2.) Sensorineural hearing loss occurs when there is damage to the inner ear (cochlea) or to the nerve pathways from the inner ear (retrocochlear) to the brain. Sensorineural hearing loss cannot be medically or surgically corrected. It is a permanent loss. Sensorineural hearing loss not only involves a reduction in sound level, or ability to hear faint sounds, but also affects speech understanding, or ability to hear clearly. Sensorineural hearing loss can be caused by diseases, birth injury, drugs that are toxic to the auditory system, and genetic syndromes. Sensorineural hearing loss may also occur as a result of noise exposure, viruses, head trauma, aging, and tumors. Sometimes a conductive hearing loss occurs in combination with a sensorineural hearing loss. In other words, there may be damage in the outer or middle ear and in the inner ear (cochlea) or auditory nerve. When this occurs, the hearing loss is referred to as a mixed hearing loss.
3.) Unilateral hearing loss (UHL) means that hearing is normal in one ear but there is hearing loss in the other ear. The hearing loss can range from mild to very severe. Approximately one out of 1000 children is born with UHL. Unilateral hearing loss can occur in both adults and children. Nearly 3% of school-aged children have UHL.Children with UHL are at higher risk for having academic, speech/language and social/emotional difficulties than their normal hearing peers. Some children with UHL experience these difficulties but others do not. Many times we do not know the cause of hearing loss. Below are some possible causes of UHL:
--Hearing loss that runs in the family (genetic or hereditary).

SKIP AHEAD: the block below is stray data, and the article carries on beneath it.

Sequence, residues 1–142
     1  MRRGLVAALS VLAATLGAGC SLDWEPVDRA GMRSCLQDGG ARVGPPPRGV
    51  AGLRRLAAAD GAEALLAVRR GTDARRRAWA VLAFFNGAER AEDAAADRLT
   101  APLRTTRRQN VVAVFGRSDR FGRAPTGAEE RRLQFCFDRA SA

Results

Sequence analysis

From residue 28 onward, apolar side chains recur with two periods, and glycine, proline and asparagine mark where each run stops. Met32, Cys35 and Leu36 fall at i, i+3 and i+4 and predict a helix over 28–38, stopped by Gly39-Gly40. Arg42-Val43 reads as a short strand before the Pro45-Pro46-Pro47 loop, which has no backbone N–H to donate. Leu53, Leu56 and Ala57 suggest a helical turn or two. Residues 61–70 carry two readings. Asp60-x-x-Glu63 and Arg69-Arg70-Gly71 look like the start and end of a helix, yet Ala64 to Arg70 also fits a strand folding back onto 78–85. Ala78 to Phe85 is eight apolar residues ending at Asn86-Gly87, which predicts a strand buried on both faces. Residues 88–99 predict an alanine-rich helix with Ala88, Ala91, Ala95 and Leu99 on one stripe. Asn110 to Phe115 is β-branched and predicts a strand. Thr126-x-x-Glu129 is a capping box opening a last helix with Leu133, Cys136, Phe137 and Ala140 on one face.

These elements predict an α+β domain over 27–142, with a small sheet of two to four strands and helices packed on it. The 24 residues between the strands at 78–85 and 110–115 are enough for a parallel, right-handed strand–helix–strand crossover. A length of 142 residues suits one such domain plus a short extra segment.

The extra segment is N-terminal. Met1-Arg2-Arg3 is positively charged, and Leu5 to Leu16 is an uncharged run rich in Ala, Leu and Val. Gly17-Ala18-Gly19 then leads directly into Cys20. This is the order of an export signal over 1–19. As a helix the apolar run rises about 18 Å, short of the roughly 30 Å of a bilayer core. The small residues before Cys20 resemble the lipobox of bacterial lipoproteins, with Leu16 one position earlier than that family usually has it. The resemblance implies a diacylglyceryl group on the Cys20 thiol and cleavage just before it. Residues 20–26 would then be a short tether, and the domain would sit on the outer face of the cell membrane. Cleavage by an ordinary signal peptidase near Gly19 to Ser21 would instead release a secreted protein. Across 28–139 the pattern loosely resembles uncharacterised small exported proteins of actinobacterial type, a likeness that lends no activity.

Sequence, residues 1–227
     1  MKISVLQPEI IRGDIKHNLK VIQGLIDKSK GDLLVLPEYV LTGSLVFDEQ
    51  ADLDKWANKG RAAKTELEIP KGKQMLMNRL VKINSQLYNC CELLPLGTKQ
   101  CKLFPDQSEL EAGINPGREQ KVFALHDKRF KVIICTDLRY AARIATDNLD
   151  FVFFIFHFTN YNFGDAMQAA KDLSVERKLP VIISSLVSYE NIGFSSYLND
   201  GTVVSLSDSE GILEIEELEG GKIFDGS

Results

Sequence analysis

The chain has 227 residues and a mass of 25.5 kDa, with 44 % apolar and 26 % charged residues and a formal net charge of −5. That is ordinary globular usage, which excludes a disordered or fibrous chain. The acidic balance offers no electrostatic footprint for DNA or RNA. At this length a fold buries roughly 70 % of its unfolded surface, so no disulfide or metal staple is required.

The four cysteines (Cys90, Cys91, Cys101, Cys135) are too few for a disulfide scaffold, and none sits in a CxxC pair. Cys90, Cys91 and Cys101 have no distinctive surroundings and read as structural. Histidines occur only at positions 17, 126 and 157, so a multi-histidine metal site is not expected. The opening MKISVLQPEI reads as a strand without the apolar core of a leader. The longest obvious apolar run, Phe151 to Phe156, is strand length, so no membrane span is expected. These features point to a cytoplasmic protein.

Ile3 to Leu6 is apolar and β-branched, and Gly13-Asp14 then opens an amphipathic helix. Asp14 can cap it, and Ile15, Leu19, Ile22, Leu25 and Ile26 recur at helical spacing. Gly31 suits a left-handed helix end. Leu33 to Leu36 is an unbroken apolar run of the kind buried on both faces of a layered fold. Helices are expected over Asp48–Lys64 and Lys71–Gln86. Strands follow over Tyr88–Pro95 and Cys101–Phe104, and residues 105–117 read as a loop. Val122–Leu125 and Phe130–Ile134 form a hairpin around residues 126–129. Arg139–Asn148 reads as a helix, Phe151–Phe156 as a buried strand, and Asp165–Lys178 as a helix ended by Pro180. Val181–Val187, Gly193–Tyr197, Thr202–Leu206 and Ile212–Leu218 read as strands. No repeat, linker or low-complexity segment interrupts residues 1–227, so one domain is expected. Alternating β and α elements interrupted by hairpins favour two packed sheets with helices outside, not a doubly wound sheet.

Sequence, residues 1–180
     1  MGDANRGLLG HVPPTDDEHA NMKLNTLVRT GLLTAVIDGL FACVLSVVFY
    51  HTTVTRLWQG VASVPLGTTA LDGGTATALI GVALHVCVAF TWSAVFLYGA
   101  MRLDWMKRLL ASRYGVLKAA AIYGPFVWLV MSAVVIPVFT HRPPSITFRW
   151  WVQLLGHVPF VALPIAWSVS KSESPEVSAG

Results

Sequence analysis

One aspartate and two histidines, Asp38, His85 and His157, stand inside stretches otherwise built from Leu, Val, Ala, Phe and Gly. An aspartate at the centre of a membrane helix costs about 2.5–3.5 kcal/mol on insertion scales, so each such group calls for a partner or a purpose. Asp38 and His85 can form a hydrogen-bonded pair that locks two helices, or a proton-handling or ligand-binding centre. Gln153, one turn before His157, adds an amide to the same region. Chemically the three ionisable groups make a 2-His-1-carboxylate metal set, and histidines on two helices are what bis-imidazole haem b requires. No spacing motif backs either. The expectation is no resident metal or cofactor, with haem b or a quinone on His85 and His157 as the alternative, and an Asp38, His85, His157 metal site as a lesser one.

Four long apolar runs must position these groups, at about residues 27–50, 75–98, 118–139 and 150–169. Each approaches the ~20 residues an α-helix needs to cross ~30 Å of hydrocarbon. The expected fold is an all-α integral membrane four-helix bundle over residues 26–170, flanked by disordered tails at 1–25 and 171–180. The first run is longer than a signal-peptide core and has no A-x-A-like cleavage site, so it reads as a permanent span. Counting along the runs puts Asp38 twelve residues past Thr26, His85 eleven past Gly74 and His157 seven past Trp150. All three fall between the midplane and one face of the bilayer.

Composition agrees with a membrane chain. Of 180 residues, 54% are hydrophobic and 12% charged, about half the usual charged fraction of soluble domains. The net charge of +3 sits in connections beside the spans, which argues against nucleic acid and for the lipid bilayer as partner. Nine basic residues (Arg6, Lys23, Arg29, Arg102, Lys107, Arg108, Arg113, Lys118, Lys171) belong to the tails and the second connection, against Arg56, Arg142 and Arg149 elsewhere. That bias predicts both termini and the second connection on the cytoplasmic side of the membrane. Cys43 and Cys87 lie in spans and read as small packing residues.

--An outer, middle or inner ear abnormality.
--Specific syndromes.
--Specific illnesses or infections.
--Skull (temporal bone) fractures.
--Excessive or extreme noise exposure.
--Traumatic brain injury.
Degree of hearing loss refers to the severity of the loss, according to ASHA. The numbers are representative of the patient's thresholds, or the softest intensity at which sound is perceived. The configuration or shape of the hearing loss refers to the extent of hearing loss at each frequency and the overall picture of hearing that is created. For example, a hearing loss that only affects the high frequencies would be described as a high-frequency loss. Its configuration would show good hearing in the low frequencies and poor hearing in the high frequencies. On the other hand, if only the low frequencies are affected, the configuration would show poorer hearing for low tones and better hearing for high tones. Some hearing loss configurations are flat, indicating the same amount of hearing loss for low and high tones. Other descriptors associated with hearing loss are: